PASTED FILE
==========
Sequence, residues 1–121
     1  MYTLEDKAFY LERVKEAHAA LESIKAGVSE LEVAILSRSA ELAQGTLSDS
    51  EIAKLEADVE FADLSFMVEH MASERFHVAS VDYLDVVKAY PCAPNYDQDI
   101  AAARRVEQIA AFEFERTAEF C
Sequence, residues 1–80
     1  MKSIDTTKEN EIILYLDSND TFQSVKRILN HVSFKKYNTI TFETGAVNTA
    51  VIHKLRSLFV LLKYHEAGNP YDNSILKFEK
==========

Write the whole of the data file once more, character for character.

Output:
Sequence, residues 1–121
     1  MYTLEDKAFY LERVKEAHAA LESIKAGVSE LEVAILSRSA ELAQGTLSDS
    51  EIAKLEADVE FADLSFMVEH MASERFHVAS VDYLDVVKAY PCAPNYDQDI
   101  AAARRVEQIA AFEFERTAEF C
Sequence, residues 1–80
     1  MKSIDTTKEN EIILYLDSND TFQSVKRILN HVSFKKYNTI TFETGAVNTA
    51  VIHKLRSLFV LLKYHEAGNP YDNSILKFEK